They had been sitting on a shelf in the crematorium for three years. They waited for someone to claim them, to take them to a crypt for eternal rest among family or bring them home to a cozy mantle above a fireplace or to be sprinkled over their favorite quiet spot. They waited while a county employee searched for someone, anyone, who might know them, who might want them. For three long years, they waited. No one came. Each with a story, each with a mother and father, now buried together en-mass under a grave-marker that bore only the year they died: 2012.
The grave-site is in a grassy corner of the Evergreen Cemetery in Boyle Heights. A violinist from the LA Philharmonic welcomed mourners with “Meditation” from “Thais” by Jules Massenet. The media stood poised and ready behind their large video cameras atop man-sized tripods; still cameras with long lenses hung around necks and notepads were held by ready hands.
They’re here for a story, she thought. We all are. This is odd. It doesn’t make sense.
Finding a spot beside a tree, she stood where she was close enough to hear but where she could observe the entire scene. The urns had previously been covered with dirt and the year marker had been placed. A giant wreath on a stand stood at the opposite end of the grave marker among a few potted flowers and plants. A green plastic border outlined, presumably, the length and width of the ashes below.
One thousand three hundred seventy nine people are under an area normally allotted to one casket.
Roughly 150 men and women stood with the media around the grave. The gatherers were there to offer final respect to people they had never met. Pseudo friends and family, stand-ins, for the real friends and family who might have been there if only…
Los Angeles County Supervisor Don Knabe began by thanking the quiet crowd for “attending the annual ceremony that has been taking place since 1896. We are surprised and happy there are so many people here today. Just two years ago only a couple dozen mourners came.”
Psalm 23 was read in English by Father Chris Ponnet and in Hebrew by Rabbi Avivah Erlick. Prayers were offered in Spanish, Korean, and Fijian. There were readings from the Koran and from Buddhist and Hindu literature as well as a poem about life in Los Angeles. Raquel Salinas sang the Native American Indian Traveling Song while photographers took pictures of the sun shining through her dress as she drummed. After each reading, the crowd was led in a chant: “You are not forgotten. You are remembered. We hold you in our hearts.” The mourners were invited to take a handful of flower petals to sprinkle over the grave before leaving. Photographers hugged the ground to capture the petals falling from strangers hands to the dirt.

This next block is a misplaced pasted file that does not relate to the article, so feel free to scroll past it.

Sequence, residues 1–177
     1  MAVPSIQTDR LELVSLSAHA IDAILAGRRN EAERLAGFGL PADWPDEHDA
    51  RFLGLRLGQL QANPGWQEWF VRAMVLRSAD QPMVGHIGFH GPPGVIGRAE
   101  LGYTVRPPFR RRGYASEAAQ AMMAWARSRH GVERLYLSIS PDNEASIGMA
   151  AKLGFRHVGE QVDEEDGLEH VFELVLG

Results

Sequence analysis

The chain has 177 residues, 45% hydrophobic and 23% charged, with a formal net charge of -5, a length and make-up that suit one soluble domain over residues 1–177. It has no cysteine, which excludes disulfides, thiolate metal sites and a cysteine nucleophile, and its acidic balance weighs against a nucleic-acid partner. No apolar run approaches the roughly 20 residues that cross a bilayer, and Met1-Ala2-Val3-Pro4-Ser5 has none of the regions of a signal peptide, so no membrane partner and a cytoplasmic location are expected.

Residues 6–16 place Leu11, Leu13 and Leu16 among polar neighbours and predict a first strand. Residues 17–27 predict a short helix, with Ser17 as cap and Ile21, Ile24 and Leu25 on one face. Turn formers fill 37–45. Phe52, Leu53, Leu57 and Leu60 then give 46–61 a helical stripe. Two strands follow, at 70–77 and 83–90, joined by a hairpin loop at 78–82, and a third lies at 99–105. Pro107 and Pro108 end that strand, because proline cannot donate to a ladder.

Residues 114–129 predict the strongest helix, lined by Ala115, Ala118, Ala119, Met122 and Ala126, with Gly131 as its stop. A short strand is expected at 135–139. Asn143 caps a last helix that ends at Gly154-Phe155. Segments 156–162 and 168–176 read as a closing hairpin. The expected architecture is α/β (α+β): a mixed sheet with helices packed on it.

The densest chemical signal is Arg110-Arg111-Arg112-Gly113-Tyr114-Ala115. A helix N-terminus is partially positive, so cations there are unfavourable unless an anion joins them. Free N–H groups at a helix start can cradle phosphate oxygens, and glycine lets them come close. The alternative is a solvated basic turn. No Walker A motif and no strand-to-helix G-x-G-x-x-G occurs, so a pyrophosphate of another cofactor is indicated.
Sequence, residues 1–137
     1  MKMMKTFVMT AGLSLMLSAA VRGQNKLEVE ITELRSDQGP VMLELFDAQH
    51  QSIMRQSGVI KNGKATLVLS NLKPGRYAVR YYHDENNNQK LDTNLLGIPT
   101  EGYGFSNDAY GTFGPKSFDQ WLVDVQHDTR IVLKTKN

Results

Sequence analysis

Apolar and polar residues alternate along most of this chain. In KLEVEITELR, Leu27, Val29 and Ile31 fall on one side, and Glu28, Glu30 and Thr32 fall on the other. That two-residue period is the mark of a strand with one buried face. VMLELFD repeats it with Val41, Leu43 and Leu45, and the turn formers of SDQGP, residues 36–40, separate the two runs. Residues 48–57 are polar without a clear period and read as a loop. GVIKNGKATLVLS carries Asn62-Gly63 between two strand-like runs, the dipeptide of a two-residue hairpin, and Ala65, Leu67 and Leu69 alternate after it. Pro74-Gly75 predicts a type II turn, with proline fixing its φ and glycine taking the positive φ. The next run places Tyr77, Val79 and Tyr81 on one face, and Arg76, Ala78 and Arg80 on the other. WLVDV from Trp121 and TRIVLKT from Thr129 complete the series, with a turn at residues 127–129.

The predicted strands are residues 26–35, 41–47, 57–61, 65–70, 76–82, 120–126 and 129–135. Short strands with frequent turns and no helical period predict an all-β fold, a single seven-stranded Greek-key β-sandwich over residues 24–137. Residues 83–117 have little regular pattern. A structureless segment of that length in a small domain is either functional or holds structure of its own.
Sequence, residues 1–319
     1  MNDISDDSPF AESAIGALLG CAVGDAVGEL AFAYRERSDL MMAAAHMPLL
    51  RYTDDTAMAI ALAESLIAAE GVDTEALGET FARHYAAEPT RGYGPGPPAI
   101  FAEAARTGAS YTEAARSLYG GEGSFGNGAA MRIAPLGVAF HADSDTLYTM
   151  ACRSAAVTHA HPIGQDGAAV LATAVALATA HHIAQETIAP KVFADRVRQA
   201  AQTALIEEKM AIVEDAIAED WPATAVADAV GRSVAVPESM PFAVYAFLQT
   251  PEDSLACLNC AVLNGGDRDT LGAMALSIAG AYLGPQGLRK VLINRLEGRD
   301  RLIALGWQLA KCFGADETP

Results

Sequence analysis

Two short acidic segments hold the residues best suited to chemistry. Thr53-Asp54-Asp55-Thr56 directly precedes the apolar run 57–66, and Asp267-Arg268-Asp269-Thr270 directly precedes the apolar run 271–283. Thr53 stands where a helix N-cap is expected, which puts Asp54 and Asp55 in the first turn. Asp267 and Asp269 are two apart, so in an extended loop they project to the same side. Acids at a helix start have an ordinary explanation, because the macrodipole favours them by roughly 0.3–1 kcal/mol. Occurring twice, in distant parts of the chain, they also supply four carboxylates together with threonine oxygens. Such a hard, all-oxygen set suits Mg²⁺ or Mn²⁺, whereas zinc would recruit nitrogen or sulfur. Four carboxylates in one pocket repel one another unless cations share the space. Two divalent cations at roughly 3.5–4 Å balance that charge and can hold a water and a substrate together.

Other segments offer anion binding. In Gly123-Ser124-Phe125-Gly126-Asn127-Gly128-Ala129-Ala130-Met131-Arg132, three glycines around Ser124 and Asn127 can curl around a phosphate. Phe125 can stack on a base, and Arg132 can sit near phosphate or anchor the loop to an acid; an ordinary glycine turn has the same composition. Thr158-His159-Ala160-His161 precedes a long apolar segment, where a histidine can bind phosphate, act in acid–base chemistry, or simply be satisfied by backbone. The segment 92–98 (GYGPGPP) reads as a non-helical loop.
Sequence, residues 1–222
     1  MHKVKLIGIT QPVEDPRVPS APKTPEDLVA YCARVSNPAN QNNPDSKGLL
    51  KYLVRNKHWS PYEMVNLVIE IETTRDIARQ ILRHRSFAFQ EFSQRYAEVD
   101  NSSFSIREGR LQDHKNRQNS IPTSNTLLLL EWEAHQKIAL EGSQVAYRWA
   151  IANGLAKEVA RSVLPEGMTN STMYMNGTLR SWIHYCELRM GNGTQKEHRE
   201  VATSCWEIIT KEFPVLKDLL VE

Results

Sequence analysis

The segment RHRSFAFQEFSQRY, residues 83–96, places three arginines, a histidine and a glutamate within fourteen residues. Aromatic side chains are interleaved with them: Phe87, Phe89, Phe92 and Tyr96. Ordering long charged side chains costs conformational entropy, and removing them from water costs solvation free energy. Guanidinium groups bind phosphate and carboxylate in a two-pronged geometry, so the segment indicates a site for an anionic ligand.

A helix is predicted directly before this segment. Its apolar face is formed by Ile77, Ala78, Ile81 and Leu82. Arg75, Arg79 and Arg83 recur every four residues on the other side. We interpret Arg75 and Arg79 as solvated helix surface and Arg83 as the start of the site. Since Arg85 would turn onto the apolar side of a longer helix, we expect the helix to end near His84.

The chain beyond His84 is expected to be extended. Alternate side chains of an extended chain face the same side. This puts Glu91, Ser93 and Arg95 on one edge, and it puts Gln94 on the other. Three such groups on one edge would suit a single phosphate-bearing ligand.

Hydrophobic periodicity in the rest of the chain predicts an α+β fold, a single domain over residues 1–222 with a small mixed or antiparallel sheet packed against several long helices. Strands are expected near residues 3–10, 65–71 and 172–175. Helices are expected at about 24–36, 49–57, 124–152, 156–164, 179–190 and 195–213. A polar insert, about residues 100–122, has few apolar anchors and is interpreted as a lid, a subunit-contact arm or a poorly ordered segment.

Of the one thousand three hundred seventy nine people buried in the mass grave, there were no personal stories or remarks about any of them. No names were read. Nothing was told about the places of birth or death or the life in-between. Not even categories or statistics were given about who, exactly, was under there and why.
The county calls them the unclaimed dead. They are people who die alone in hospitals, homes, long-term care facilities, on the street, or in jail. They are disintegrated to ash and put in a box on the shelf; babies, into an envelope. Those that sit unclaimed are those with no living relatives, or who have relatives that can’t be located, or who have relatives that don’t want them or cannot afford to bury or claim them. At the third anniversary of unclaimed-ness, they are blended together and buried as a collective.
What should we call them? Unknowns who made mistakes? Unknowns who ran with the wrong crowd? Unknowns who couldn’t get out of their own way? Or, should we say they were human beings who deserved our attention before it got this far?
We came to give them “a dignified burial and recognition,” but did we dignify and recognize them when they were alive? Did we visit them in the hospital? Talk to them on the street? Feed them? Clothe them? Tell them they mattered? Did we leave them alone in life, only to come three years after death to tell them, “You are not forgotten, you are remembered, and we hold you in our hearts?” Is this ceremony more for us than it is for them?
Tara Schiro is the author of No Arms, No Legs, No Problem: When life happens, you can wish to die or choose to live Now Available on Amazon and Barnes & Noble www.TaraSchiro.com